The Financial Market and Alternatives space remained busy throughout Q4, Which, traditionally can be a quieter quarter from a hiring perspective, with the advent of budgets, year end admin and bonus allocation. That being said we have been busy across the quarter working and consulting with clients across 2022 hiring plans and utilizing any unsured headcount for 2021 before year end.
The dialogue with clients across Q4 has certainly picked up, as attentions turn to 2022. We have seen a push on hiring in the portfolio manager space across global macro, equities and fixed income related strategies multi asset execution across electronic trading continues to be in demand with clients seeking trading personnel with programming skills. Hedge Funds continue to compete with banks for talent across the trading space , transferability of skills still remains high from the sell side to the buyside, we are seeing an increased inflow of enquiries from candidates in making this move and clients alike and this trend will continue into next year
As welcome in the new year, we do so with optimism, the market is still buoyant, with the fight for talent. Clients have aggressive hiring plans in terms of headcount Across FICC & Equities. Rates is an area of interest for clients, across trading and sales in London and continental Europe. Throughout 2021 the drive for talent continued at pace and we see the same trend going into 2022. The market has evolved with candidates having many choices in terms of opportunities, we are working with clients to ensure that opportunities are not lost and as an organisation we spend our time adding the maximum value.
Generally speaking the market rate for candidates have remained steady despite the shift to a candidate led market. Within the Mid-Senior to Senior range I seem to be having less conversations negotiating salaries as the candidates motivators are focused around growth and development. However, through the latter part of Q4 and moving into Q1 we are increasingly starting to hear the mention of bonuses, with multiple clients explaining they are prepared to buy these out due to the current fast paced candidate market.
Clients approach to Agile working has also played a key role in whether candidates would consider opportunities. In a hiring market as competitive as this one, it is important for firms to ensure that the vacancies they are looking to fill are top of the priority list of the external recruiters they engage. As a team with a consistent track record of delivery over the last decade, our team are currently in a privileged position of having a large volume of mandates to source for. It should come as no surprise that higher resource allocation will be given to those mandates which maximise potential revenue. There are three ways for clients to ensure that their roles are being prioritised: higher fee percentages; vacancy exclusivity and retained fee structures.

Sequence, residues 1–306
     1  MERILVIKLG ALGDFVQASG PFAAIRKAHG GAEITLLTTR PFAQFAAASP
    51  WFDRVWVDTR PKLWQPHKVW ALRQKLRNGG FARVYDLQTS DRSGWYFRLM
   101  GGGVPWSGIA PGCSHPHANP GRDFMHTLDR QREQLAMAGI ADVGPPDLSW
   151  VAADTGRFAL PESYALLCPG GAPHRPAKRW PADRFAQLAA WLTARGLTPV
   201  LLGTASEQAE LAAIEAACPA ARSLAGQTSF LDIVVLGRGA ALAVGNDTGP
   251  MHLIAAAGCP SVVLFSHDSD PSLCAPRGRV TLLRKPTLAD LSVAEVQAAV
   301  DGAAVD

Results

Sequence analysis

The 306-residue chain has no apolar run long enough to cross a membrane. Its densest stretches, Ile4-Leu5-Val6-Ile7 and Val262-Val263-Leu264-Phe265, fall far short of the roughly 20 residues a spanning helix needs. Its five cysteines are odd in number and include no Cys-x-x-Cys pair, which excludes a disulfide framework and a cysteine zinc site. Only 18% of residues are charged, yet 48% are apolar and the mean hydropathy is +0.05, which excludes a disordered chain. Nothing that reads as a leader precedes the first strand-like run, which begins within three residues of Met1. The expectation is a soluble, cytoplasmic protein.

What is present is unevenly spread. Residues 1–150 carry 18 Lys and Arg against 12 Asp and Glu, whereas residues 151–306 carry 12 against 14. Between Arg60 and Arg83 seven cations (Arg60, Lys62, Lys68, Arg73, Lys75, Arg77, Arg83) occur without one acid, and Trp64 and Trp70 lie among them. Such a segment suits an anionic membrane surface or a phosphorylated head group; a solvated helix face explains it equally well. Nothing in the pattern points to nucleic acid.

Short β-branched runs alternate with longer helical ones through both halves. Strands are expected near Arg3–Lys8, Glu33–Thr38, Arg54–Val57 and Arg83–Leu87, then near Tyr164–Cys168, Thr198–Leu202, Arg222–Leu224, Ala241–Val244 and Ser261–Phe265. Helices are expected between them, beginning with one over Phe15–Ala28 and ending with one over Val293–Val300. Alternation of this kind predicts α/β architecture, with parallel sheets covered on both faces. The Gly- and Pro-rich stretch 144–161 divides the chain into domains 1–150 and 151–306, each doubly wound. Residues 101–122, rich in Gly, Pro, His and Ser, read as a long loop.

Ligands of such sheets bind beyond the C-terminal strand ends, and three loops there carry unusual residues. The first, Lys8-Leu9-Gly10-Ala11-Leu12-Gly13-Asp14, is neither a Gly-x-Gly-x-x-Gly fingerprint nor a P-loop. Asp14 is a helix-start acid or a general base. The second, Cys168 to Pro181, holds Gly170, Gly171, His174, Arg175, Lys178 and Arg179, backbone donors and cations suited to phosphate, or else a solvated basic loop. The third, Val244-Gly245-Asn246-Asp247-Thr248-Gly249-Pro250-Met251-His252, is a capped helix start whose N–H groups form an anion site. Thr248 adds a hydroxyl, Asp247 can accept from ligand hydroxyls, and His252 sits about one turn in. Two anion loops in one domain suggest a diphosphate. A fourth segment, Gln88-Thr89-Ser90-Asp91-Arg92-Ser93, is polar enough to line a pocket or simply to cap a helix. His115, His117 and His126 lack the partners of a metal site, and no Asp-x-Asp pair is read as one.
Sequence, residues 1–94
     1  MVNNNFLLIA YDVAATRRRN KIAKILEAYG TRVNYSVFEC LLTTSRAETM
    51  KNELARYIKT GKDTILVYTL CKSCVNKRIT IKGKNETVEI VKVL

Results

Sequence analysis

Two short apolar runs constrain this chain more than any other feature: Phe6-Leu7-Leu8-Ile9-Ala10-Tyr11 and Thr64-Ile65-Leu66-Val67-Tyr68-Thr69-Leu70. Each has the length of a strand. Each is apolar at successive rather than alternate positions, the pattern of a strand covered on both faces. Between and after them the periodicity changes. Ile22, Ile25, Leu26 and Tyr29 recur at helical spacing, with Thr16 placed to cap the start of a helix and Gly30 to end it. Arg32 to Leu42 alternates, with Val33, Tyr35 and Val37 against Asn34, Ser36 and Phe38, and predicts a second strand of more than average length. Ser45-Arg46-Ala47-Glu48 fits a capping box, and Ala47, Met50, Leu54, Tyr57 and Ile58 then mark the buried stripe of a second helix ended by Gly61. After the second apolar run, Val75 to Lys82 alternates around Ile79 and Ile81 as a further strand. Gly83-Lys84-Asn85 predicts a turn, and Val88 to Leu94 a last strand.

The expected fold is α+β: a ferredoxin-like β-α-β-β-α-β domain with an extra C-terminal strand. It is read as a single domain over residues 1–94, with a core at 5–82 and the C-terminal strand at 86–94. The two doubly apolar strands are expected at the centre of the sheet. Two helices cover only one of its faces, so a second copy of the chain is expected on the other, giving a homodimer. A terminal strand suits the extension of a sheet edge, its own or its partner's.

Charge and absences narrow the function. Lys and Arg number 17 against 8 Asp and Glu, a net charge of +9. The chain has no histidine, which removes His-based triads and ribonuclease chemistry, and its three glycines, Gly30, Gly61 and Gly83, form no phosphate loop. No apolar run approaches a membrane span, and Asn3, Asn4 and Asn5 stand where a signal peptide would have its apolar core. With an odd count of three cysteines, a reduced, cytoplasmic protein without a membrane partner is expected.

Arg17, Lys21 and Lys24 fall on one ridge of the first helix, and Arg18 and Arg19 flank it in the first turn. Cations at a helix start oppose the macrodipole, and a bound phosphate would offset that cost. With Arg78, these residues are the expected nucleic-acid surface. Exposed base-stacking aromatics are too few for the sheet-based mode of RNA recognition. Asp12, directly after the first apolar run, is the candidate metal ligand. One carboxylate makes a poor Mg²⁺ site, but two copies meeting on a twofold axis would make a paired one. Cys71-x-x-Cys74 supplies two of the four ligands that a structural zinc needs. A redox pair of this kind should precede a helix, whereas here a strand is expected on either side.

Higher fee percentages is attractive for firms recruiting on a contingent basis, and in candidate-short markets it’s important that firms are competitive with their peers and rewarding of the recruiters time in cultivating a network through years and years of relationship building in the market.
Vacancy exclusivity (where “exclusivity” = sole agency mandated to source candidates for the position where no agency search has already taken place) ensures that the recruiting firm can take time to provide an in-depth search of the market before presenting tailored shortlists of ideas, knowing that there aren’t multiple other agencies trying to speak to exactly the same people about the exact same job, which cheapens the brand image of the firm. A candidate saying “you’re the third agency who’s contacted me about this role” doesn’t make anyone look good, and can significantly confuse the narrative around a hire, which reduces chances of a successful filling of the vacancy.
Retained fee structures cover the costs of a recruiters’ time, show commitment from the client to filling the vacancy, and cement standards for both sides to be held accountable to during the process. With an up-front fee, the recruiter has been paid for their time up-front, and will prioritise the vacancy over others.